Sunday, April 17, 2016

Captain of the Hussars Part 2

Alright, now that I have a general plan for the colors, it's time to start painting!  I began by base coating the top half of the rider.  I'll most likely be holding him by the legs to help steady the figure while I paint, so that's why I'll leave that bare until later.  After that I got to work on the face.  It's the same basic approach I use on most of my figures, you can check the tutorials section here for a more in-depth discussion of painting faces.  I'm not sure if I mentioned it in the last post, but this figure is 75mm scale.  So he's a little bit larger than the typical 54mm figures I paint, but smaller than the 90mm samurai I just finished.

I do want to stress that painting the face is a process and not one I necessarily complete in one sitting.  Here's a comparison of the face at two different stages.  The first shows my initial highlights and shadows in place.  After that, I took a break and then re-evaluated the figure.  There were some shadows I thought weren't quite right and the upper highlights needed a little more pop.  So I went in a tweak the parts I felt needed it.  Once that was done, I painted on more of the details (hair, chin strap, collar) and then put on the glazes to add that color variation to the skin.  

Because his head is turned and titled slightly, I painted much stronger shadows on the right side of his face.  You can see that more clearly when I show the two sides next to one another.  I also painted his eyes looking to the left (following the direction of the head turn).  

Still not 'done' with the face.  Looking at the pictures, that shadow over his left eye needs to be fixed (the blend at the top needs to be improved).  But, otherwise, I'm pretty satisfied with how he looks.

I also started working on his hat.  There's a flowing 'sock' on top and I wanted to add some extra detail on it.  The box art has something similar, so I'm borrowing the idea for my version.  The details will be done in gold, but I started with a layer of Burgundy Wine as a base.  I'm having a bit of trouble putting the gold on top.  It's just not looking as clean as I'd like.  I'm not sure if I should make the purple line thicker and then do the gold (sort of using the purple as a border between the gold and the red), trying to completely cover the purple with gold, or do a dot pattern like I did on the sculpted detail.  I'm going to have to think about this one a bit and probably give a few different things a try.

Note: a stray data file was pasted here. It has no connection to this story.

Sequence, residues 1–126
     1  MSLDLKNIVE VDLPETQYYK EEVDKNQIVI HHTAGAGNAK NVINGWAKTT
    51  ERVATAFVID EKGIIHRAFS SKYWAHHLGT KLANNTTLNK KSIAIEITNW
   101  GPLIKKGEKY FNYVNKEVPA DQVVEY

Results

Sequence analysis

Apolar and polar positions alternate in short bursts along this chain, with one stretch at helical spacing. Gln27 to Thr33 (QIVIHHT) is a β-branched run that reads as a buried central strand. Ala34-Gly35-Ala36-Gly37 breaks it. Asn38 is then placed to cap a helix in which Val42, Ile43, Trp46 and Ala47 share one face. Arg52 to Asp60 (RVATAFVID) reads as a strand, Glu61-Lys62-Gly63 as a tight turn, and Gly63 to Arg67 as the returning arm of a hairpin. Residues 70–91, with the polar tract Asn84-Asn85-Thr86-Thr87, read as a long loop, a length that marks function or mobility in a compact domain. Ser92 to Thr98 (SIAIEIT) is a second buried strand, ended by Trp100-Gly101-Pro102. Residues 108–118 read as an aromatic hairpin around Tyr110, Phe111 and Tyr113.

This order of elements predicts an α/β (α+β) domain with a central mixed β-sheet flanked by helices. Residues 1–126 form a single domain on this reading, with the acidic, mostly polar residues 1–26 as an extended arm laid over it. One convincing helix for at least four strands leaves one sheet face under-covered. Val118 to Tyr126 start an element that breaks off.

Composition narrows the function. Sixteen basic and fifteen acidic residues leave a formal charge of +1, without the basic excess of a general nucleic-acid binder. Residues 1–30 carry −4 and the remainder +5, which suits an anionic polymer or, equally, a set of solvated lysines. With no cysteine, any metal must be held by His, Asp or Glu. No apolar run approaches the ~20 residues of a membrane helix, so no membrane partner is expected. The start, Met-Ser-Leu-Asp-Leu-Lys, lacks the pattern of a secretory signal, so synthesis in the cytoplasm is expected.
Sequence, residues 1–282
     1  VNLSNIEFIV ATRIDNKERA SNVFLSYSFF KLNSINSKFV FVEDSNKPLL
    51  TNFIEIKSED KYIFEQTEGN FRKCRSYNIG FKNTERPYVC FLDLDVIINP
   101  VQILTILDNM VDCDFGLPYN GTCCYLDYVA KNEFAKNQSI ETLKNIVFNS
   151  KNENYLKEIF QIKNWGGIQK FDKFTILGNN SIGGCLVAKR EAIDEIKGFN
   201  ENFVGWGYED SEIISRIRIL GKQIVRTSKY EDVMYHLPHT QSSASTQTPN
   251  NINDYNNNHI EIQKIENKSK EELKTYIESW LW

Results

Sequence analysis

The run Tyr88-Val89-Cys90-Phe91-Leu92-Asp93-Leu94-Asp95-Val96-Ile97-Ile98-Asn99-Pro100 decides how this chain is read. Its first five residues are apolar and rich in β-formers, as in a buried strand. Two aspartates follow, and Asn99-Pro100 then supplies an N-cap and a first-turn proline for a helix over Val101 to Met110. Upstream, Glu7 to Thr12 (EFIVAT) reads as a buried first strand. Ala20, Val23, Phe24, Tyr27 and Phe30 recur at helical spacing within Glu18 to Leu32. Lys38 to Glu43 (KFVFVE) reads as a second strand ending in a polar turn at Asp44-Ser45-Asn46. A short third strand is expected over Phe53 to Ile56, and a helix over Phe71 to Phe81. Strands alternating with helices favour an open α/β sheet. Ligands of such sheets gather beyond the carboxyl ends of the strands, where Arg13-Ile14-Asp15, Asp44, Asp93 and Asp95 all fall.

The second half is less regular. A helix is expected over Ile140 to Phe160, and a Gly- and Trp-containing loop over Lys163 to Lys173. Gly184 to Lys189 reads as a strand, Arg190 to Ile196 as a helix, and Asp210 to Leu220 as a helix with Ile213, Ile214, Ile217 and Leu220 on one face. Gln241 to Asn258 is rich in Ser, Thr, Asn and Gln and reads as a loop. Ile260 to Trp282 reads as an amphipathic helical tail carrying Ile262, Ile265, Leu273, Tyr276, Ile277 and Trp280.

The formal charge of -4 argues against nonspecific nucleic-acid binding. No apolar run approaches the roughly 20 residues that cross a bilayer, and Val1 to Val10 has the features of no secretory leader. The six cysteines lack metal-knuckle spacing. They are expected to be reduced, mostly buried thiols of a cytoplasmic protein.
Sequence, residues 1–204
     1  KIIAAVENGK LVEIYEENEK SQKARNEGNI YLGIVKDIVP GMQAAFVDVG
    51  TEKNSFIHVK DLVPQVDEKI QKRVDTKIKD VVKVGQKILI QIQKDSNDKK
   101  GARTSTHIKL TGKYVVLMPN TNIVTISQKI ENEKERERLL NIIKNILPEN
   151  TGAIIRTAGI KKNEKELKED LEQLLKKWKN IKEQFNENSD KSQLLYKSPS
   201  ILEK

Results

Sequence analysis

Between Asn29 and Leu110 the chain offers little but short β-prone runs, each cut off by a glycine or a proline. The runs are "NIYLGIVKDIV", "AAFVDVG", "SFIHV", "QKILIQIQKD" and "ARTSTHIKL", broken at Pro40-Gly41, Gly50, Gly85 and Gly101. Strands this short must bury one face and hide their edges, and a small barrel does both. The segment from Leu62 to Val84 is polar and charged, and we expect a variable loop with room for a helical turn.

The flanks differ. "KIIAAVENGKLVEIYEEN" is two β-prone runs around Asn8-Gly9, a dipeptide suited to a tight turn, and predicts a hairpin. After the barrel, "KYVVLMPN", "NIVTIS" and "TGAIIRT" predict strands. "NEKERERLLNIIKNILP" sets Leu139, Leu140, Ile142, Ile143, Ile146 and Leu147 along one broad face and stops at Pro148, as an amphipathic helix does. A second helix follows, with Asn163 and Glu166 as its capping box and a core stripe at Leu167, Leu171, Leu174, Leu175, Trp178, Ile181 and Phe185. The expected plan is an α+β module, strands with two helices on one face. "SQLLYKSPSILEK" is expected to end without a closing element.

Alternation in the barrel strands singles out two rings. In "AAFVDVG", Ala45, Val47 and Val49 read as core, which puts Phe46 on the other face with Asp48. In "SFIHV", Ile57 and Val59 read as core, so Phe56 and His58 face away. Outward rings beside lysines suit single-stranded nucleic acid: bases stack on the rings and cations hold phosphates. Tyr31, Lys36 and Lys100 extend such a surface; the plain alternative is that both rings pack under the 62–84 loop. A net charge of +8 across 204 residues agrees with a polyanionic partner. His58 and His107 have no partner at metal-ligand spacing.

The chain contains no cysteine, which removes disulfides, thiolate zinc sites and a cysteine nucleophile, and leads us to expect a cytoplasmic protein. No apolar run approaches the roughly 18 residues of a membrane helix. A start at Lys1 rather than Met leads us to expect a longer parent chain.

Tuesday, April 12, 2016

Captain of the Hussars Part 1

This is a figure I've been wanting to do for a while.  It's a 75mm mounted French Hussar from Pegaso.  I started assembling him back in 2014, but other projects too priority and I never got around to doing any actual painting on the figure.  Now that I'm done with Crystal Brush and don't really have any pressing projects (no contests I'm worrying about, no commission pieces, etc), I thought perhaps I'd actually try to put some paint on this one!

This post will be a little different than my usual starts to a figure.  This time I want to share how I actually begin my historical projects.  Basically, what do I do before I start painting?  Obviously the first step is to pick a figure.  This is the sculpt for the kit.  It's a beautiful piece of work and has tons of details, so I think it will be a great project.

The next step is planning out the colors.  With a historical piece you can decide for yourself how historically accurate you want to be.  For medieval and ancient figures you've got the freedom to pick a lot of different colors.  Things weren't all that uniform back then, so it's harder to say if something is actually incorrect.  For more modern figures like Napoleonics, regiments had specific colors.  You don't necessarily have to follow that.  If you're only painting for yourself, then you can do what you want.  Even if you're planning to compete, most figure shows don't judge you based on historical accuracy.  But, that being said, it's still nice to go with reality if you're painting a historical.  Okay, so what are the options for a hussar?
If you're interested in painting multiple figures from the same era, it can be worth investing in some reference books.  Osprey Publishing has many reference books for a huge number of historical topics.  Of course, the internet and various forums are also a great place for information.  All the images here came from basic online searches.  Okay, back to this figure.  There were 12 regiments in the French army during the Napoleonic era and these images shows the basic colors for each of them.  Red, Green, Blue (light and dark), Brown, and Grey are the main colors.  I also look around at the box art and other examples of this figure.  The 4th and 6th color schemes are very popular... so I decided to go a different route.  I opted for the 5th Hussars.  The figure will be done with a light blue, gold/red details, and a white coat.